But it isn’t just the messaging that is problematic, it’s the way this Government implements its decisions that adds to the chaos. So, it was disappointing that the Government yet again failed to provide advanced warning of the new restrictions to local leaders, causing frustration to many local people and businesses, and leaving tens of thousands of workers in our region uncertain about their jobs.
The House of Commons Speaker has also been uncharacteristically critical of the Government, who are increasingly introducing new restrictive laws with little notice and minimal time for MPs to debate them in the Chamber. I fear the Speaker’s claim that the Government is in contempt of Parliament will fall on deaf ears with the Johnson/Cummings Downing Street rabble, who seem to hold everyone else in contempt.
Reducing economic support at the same time as introducing new restrictions adds to the toxic cocktail. The furlough scheme has ended, and businesses are trying their best to do the right thing. But Chancellor Rishi Sunak has made a political choice, deciding that jobs in sectors such as hospitality and events aren’t worth saving. In this region alone we’re talking about up to 80,000 further job losses before Christmas. Without further interventions from him, the fallout this winter could be catastrophic.
In our region, councils and Labour MPs are working together to ask for the right resources and enough funding to protect the economy and support local businesses that will be impacted by the restrictions. This will allow us to respond to the pandemic, whilst also protecting people’s livelihoods.
Our councils were right to demand increased protective measures. Coronavirus cases in my own borough of Gateshead continue to rise, and over the last two weeks we have seen an increase in the numbers of hospital admissions, with a rise too in the average age of those testing positive. Doing nothing simply isn’t an option. Our councils were also right to ask for the test and trace system to be under local control. The privatised model is clearly dysfunctional.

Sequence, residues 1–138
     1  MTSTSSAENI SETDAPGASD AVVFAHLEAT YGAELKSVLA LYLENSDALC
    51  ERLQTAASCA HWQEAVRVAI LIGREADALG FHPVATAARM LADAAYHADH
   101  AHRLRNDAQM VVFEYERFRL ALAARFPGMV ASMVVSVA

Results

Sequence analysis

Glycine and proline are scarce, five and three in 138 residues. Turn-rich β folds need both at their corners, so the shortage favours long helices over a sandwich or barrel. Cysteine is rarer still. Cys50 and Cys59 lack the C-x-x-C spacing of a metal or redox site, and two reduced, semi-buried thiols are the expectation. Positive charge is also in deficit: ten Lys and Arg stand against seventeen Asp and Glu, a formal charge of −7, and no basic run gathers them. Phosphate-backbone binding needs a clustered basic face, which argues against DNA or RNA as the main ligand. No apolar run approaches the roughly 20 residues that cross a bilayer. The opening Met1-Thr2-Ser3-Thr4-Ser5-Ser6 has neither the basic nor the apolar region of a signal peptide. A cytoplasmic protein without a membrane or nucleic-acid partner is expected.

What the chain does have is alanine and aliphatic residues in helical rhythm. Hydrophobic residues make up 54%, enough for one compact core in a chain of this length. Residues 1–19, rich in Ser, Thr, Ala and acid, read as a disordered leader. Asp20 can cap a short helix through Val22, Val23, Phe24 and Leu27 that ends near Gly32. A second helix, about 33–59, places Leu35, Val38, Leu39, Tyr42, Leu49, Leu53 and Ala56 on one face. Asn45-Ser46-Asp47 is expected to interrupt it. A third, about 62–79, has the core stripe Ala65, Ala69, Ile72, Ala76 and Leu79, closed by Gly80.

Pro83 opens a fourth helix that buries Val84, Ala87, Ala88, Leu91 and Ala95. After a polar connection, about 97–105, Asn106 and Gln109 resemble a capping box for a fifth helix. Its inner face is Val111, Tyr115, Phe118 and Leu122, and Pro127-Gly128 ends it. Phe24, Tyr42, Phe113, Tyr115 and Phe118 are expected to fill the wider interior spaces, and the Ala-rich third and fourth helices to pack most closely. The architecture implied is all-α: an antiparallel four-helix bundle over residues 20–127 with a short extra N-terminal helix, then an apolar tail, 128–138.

Local track and trace data shows that 80 per cent of Covid cases are due to households mixing in a range of settings, so we need to act now through restrictions to reduce the spread. The more we can reduce contact with people outside our households or support bubbles, the sooner we will bring the virus under control.
The one ray of sunshine in all of this was our recent victory on informal childcare. I raised the issue in the House, along with other Labour colleagues. Following pressure from MPs, parents and employers, I’m pleased the Government finally U-turned on its decision to stop grandparents, family members and friends providing childcare for workers. This served as just another example of a Government increasingly out of touch with its people.
NHS Volunteer Responders has been set up to support the NHS during the COVID-19 outbreak. To do this we need an ‘army’ of volunteers who can support the 1.5m people in England who are at most risk from the virus to stay well. Our doctors, nurses and other professionals will be able to refer people in to NHS Volunteer Responders and be confident that they have been matched with a reliable, named volunteer.
You can help by signing up for one or more of the tasks listed below. Once you have registered and checks are complete you will be provided a log-in to the GoodSAM Responder app. Switch the app to ‘on duty’, and you’ll see live and local volunteer tasks to pick from nearby.
This programme enables volunteers to provide care or to help a vulnerable person, which is permitted under the new rules announced by the Government on 23rd March 2020. Volunteers may be asked to show the active task they are responding to if asked.
Volunteers must be 18 or over, and fit and well with no symptoms. Those in higher-risk groups (including those over 70, those who are pregnant or with underlying medical conditions) will be able to offer support by telephone.
Your NHS needs you! Join our team today.
I have received a lot of enquiries from self-employed constituents over the last few days, and heard a number of stories from our micro-business owners, who are fearful for their future and require immediate support from the Government to survive the coming months.
Yesterday, I raised your concerns in the House of Commons and called on the Government to provide immediate contingency funding, to provide stability during the Coronavirus crisis.
You can listen to my speech here:
Last night the Prime Minister announced strict rules around the movement of people, which we must all take to reduce the spread of the virus.
The message is simple – stay at home to protect our NHS and save lives.
Stay at home
- Only go outside for food, health reasons or essential work
- Stay 2 metres (6ft) away from other people
- Wash your hands as soon as you get home